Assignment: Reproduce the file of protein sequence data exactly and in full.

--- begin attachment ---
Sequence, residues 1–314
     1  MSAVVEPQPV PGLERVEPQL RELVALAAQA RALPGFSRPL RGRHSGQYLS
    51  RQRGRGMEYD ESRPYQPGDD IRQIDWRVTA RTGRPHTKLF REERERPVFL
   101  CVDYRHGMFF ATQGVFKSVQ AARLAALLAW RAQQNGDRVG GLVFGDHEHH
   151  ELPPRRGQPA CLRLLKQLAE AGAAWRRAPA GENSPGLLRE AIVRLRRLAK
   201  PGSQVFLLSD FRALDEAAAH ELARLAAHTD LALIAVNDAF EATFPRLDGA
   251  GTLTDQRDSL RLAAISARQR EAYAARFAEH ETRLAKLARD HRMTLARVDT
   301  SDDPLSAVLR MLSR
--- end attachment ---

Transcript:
Sequence, residues 1–314
     1  MSAVVEPQPV PGLERVEPQL RELVALAAQA RALPGFSRPL RGRHSGQYLS
    51  RQRGRGMEYD ESRPYQPGDD IRQIDWRVTA RTGRPHTKLF REERERPVFL
   101  CVDYRHGMFF ATQGVFKSVQ AARLAALLAW RAQQNGDRVG GLVFGDHEHH
   151  ELPPRRGQPA CLRLLKQLAE AGAAWRRAPA GENSPGLLRE AIVRLRRLAK
   201  PGSQVFLLSD FRALDEAAAH ELARLAAHTD LALIAVNDAF EATFPRLDGA
   251  GTLTDQRDSL RLAAISARQR EAYAARFAEH ETRLAKLARD HRMTLARVDT
   301  SDDPLSAVLR MLSR